UPDATE January 29, 2019 — The rise of social media came with a profound shift in the way we interact with content and advertisements all over the globe. With increasing frequency, audiences are turning to prevalent influencers on social media for content, consumer tips/advice, and entertainment, essentially creating a new kind class of quasi-celebrity.
Called social media influencers, these social media all-stars are notable and have massive followings and influence despite not being celebrities in the traditional sense. Many of them don’t come from film or television but have instead cultivated a loyal social media follower and fan base centered around a narrow (but often expanding) niche interest.
To understand why brands are using influencers to reach elusive Millennials and younger demographics whose attention is increasingly difficult to capture with traditional advertising, it’s important to first understand what a social media influencer is and how influencer marketing functions within a larger marketing ecosystem.
Social media influencers are users with large followings on major social networks, primarily YouTube, Instagram, Snapchat, Facebook, Twitter, individual blogs or, most likely, some combination therein. There’s no concrete number of followers that constitutes the tipping point between “popular user” and “social media influencer,” but it’s worth noting that there are certainly tiers and that an influencer’s following is a major factor in reach, engagement, and cost.
From micro-influencers that post to a few thousand followers to the all-time biggest social media influencers who dispatch updates to millions of followers across platforms, influencers come in all shapes and sizes (known as influencer tiers). Most influencers begin by creating content around one specific interest or topic, such as gaming, lifestyle, makeup, fashion, or travel. By creating consistent and compelling content, influencers develop a base of fans who respond to their content and look to their social channels for entertainment and information.
Some social media influencers maintain a narrow focus on their content and channel efforts, but many choose to branch out and develop audiences on other platforms with content focused around a widening array of topics. That said, regardless of whether or not a social media influencer creates and posts on a single platform or on every available platform, each platform is unique, and so too are the ways in which a social media influencer use those platforms.
YouTubers, Instagrammers, Snapchatters, and bloggers all create different types of content with different goals and intents, but they’re similar in that they’re all attempting to deliver a message to their followers that will inspire interest and loyalty and will keep audiences coming back.
Influencers on social media enable brands to target specific demographics. Because influencers often have a relatively specific type of content, their audiences may be a bit more clearly defined than the audience of network television shows and major studio films. Through influencers, brands can speak to specific target demos with tailored messages.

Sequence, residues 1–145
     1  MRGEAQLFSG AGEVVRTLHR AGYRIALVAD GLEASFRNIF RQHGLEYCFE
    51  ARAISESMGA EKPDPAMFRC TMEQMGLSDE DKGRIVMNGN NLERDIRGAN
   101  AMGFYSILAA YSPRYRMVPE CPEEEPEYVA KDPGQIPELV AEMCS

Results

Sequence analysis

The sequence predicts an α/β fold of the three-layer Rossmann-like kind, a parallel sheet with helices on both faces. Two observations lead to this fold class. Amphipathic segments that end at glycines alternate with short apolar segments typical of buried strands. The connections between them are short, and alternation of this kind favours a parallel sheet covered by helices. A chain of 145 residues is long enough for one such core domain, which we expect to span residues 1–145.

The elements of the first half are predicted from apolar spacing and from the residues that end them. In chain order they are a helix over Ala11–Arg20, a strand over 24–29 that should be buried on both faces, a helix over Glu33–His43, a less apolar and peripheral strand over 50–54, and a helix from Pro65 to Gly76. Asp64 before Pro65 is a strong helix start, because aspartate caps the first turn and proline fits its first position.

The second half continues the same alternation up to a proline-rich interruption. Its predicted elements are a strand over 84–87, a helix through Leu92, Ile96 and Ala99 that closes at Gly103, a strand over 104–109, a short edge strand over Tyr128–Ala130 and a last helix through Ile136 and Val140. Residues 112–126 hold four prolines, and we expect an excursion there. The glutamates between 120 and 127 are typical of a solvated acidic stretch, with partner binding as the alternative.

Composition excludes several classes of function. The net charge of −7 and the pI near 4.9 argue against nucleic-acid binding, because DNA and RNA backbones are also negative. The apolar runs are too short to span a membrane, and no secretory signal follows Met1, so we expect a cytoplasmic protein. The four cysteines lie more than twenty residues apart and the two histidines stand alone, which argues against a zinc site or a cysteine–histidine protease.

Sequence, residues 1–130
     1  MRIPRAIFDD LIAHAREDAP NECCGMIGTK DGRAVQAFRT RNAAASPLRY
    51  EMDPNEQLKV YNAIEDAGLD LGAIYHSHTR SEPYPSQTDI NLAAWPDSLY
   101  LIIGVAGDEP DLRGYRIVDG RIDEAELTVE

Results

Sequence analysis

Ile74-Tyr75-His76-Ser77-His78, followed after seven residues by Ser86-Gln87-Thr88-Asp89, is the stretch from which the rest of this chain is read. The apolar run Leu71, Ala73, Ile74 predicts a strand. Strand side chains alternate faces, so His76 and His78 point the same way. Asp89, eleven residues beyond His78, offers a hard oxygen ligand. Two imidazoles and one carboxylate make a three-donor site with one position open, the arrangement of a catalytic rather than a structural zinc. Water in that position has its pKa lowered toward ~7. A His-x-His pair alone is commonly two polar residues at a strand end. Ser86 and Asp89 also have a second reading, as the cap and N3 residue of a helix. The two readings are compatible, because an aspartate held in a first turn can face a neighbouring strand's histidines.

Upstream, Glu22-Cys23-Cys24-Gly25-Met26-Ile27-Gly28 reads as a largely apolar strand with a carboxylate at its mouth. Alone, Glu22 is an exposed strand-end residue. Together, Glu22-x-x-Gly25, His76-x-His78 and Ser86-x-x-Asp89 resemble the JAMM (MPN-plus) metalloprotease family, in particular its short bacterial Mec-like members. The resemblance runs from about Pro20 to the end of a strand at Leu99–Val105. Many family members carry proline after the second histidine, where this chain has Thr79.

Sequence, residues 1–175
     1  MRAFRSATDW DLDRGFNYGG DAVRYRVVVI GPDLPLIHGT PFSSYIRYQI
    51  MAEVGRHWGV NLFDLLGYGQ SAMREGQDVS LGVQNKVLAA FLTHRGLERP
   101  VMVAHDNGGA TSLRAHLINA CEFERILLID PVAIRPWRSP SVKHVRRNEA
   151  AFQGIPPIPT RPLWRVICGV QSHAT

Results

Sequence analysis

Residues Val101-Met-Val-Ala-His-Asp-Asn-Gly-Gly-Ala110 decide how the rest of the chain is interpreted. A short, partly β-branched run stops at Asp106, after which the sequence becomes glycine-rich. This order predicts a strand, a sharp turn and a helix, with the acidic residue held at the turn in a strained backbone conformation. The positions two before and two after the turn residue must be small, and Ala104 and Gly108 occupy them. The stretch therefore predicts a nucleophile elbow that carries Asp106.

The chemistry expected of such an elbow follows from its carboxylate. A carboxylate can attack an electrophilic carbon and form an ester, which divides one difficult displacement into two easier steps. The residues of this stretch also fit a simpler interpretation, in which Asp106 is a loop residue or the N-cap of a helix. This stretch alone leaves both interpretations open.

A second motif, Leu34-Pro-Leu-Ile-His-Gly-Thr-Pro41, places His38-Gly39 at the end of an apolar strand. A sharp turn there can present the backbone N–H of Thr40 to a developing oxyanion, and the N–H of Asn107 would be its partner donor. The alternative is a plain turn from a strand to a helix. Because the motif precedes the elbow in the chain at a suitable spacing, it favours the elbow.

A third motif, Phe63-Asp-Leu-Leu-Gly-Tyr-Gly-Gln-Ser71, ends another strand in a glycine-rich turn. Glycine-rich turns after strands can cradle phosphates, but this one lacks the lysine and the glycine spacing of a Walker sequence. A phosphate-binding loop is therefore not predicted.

But one key to fully understanding marketing with social media influencers is to note that most influencer partnerships don’t revolve around an influencer reciting brand messaging.
One of the primary draws of a social media influencer is authenticity, and an influencer’s fans rely on and expect that authenticity in all of their content. The most successful social media influencer campaigns often foreground that authenticity, allowing influencers to leverage the trust that their followers have in their work by talking about brands in their own way with their own finely tuned voices.
Another key element to the social media influencer equation is the value of direct communication and voice. Though related to authenticity, the delivery method for information and messaging through a social media influencer campaign is crucial. Messaging from influencers reaches audiences directly and it comes from a voice that these audiences already know, trust, and are willing to engage with.
Finding a voice that consumers will respond to is a major factor in determining the success of marketing efforts, and using an influencer on social media can be a deeply effective method.
As audiences move away from traditional marketing avenues in favor of digital formats, it’s becoming more imperative that advertisers and brands find new ways to engage with audiences. Cord cutting and ad blocking, combined with the staggering amount of time internet users are spending on social media (5 years and 4 months over a lifetime), social media influencers represent a powerful opportunity for brands to reach audiences in the places where they’re already spending a lot of time.
As traditional advertising methods wane, brands are finding that creating campaigns with influencers that highlight authenticity are paying off in a big way. Because a social media influencer can deliver information and messaging to audiences directly using a voice that audiences already know and trust, brands can cut through the noise and blocked content that constitutes much of traditional advertising in today’s marketing landscape with influencer campaigns.
People are more likely to listen and respond to people they trust, and with 70% of teenagers on YouTube saying that they relate to YouTubers more than they do mainstream traditional celebrities and 40% of Millennials claiming that their favorite creator understands them better than their friends do, there’s nary a group more poised to effectively partner with brands than social media influencers.